"Maybe if I was a Swiss watch maker people would understand it better."
Master pastry chef John Kraus, owner of Patisserie 46, is referring to the processes that go into making his pastries, each one a couple days' worth of labor. By way of illustration he holds up his hands. They're a worker's hands -- big and rough and strengthened by endless hours at the task.
Maybe you've stood at the cases at Patisserie 46 and thought about it: they're nothing more than sugar and butter and flour but under the hand of Kraus and his crew, they become little lemon yellow easter hats with a jaunty mad hatter's chocolate tag tucked in the side; a dome of electric lime; a shiny, lipstick red velveteen finger sandwich.
Anyway, you can't eat Swiss watches. Unless Kraus gets a crack at them. Maybe then.
A few weeks ago, the whole world got to see behind that veil at the Coupe du Monde, the most important pastry competition in the world. It happened in Lyon, at the end of January. Kraus and his longtime associates Josh Johnson and Scott Green made up the bronze-winning team.
You can imagine them as the culinary equivalent of the Jamaican bobsled team: three old pals, only one of them having the luxury of taking time off from already rigorous jobs to train, as many competitors do in order to devote all of their attentions to the grueling practice schedule.
Other odds: The Italians, who won gold, raised around a million dollars (or at least rumor has it). Team U.S. only had about a hundred grand, much of it on their own now-outstanding credit card balances. Also, pastry chefs in the U.S. don't do ice sculptures, one of the required competition pieces. In America, there are pastry chefs, and there are ice sculptors, but the two talents do not usually reside in the same body. The U.S. team learned how to sculpt ice just for this competition, getting ice blocks delivered as often as possible and then going at it with a chainsaw, having never done it before in their lives. They carved a wolf.
This is the first time the U.S. has medaled in a decade.
"It's 14 months of agony all leading up to 10 hours."
For almost a year, Kraus drove to Chicago every two weeks (after full work weeks at the bakery) to practice in five-day increments. At first, it was fun. Then he got nervous. He says his hands would shake during the practice sessions. "I've never been so nervous in my life."
In other parts of the world, especially Europe, a win can be career-changing. Here in the U.S., Kraus says, it barely even means bragging rights. It's a personal feather in his cap. "For like 23 years it's been a dream," just to compete.
In the competition, each team must present 6 pieces within 10 hours against 20 other country teams: a chocolate cake using Valrhona chocolate, an ice cream piece using Ravifruit puree, a plated dessert, a sugar piece, a chocolate piece, and an ice sculpture. And by these, we mean life-size sculptures that must make it to the judging table intact. If they topple, they topple, and you cry.
That's the way the cookie crumbles, as that old French proverb goes.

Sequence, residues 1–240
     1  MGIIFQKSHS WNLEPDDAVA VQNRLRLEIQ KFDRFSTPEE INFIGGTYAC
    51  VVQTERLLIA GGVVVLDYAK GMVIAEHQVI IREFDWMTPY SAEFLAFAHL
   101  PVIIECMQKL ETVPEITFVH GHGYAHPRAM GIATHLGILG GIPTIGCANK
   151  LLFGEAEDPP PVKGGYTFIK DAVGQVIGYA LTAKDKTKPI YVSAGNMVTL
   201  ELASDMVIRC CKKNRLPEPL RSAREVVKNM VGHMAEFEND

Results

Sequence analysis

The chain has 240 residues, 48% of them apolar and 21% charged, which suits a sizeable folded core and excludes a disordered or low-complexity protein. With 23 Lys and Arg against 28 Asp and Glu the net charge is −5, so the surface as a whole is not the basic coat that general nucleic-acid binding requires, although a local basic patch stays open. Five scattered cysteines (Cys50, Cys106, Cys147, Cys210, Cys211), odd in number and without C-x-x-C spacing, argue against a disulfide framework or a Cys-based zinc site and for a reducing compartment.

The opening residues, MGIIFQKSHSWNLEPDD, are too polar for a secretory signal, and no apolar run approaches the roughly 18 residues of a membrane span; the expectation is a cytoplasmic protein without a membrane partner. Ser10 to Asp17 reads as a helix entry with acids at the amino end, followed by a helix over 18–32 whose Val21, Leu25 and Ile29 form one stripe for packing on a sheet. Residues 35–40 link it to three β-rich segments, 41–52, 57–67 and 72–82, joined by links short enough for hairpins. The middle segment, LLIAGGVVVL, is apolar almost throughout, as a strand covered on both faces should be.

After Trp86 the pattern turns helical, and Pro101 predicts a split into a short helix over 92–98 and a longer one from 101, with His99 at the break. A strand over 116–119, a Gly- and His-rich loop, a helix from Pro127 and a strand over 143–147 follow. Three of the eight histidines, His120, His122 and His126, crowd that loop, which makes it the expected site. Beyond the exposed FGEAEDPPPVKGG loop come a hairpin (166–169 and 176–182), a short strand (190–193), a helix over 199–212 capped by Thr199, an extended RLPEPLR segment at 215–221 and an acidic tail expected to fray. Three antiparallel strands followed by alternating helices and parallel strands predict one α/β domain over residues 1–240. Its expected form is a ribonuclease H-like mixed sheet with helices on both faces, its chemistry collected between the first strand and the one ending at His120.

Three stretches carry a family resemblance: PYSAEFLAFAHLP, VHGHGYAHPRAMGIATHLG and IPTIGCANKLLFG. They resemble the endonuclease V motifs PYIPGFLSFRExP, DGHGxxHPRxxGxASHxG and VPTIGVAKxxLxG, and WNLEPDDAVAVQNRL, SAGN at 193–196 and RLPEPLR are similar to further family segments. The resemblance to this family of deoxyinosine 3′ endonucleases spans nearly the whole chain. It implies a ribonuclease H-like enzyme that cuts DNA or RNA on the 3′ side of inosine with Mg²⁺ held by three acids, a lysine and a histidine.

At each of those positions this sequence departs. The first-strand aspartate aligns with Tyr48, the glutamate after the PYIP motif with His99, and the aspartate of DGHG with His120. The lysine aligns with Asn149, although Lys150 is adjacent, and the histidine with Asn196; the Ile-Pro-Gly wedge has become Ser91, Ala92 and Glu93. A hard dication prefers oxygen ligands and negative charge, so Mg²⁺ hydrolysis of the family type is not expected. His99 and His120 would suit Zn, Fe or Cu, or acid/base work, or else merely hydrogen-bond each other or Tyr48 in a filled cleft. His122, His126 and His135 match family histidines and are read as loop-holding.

But theirs didn't! And they won the bronze! Against the odds!
These competitions can seem a little esoteric to the average American. We don't have the sorts of culinary traditions that they do in Europe, AOCs and MOFs, culinary classifications and designations bestowed by the government that can actually get you thrown into jail (or at least heftily fined) if you attempt to thwart them.
And so, it will take talents like Kraus and Johnson and Green to continuously put their necks on the line, not necessarily for what it means for themselves, but to rep our country as one that can contend with the big boys and girls of the culinary universe, ultimately leading to the elevation of our own food culture.
When I ask how he managed to get through that year of work and driving and rehearsal and attending to his 6- and 11-year-old kids who he still found time to take fishing on Mille Lacs on a regular basis -- how he didn't get burned out -- he just shook his head and looked at me decidedly and pointedly.
"Not a chance."
He says he learned that from the finest pastry chefs in the world, Meilleur Ouvriers de France, or MOFs, his judges, who receive bestowals from the presidency for their superior craftsmanship.
Kraus says they tend to carry with them an air not of arrogance, but capability.
"They're like: 'I got this.' I learned a lot from them about that."
What else did he learn? How to eat a lot of cake. It took 50 rehearsal cakes to nail it. And what became of those?
"We ate the shit out of it! You know it's right when you can eat a piece, and then a second, and maybe even a third."
No, they did not get tired of the cake.
Initially, Kraus and his team said that this would be it -- competing is a once-in-a-lifetime deal.
"But the Japanese (silver medalists) were crying because they didn't win gold. And when you win bronze, you want silver. Or gold."
The next competition will be held in 2017. But, lucky people of Minneapolis, you needn't wait a single day for some of the finest pastries in the world; they're waiting beneath the glass for you to seize upon like the treasures they are, in little old south Minneapolis.
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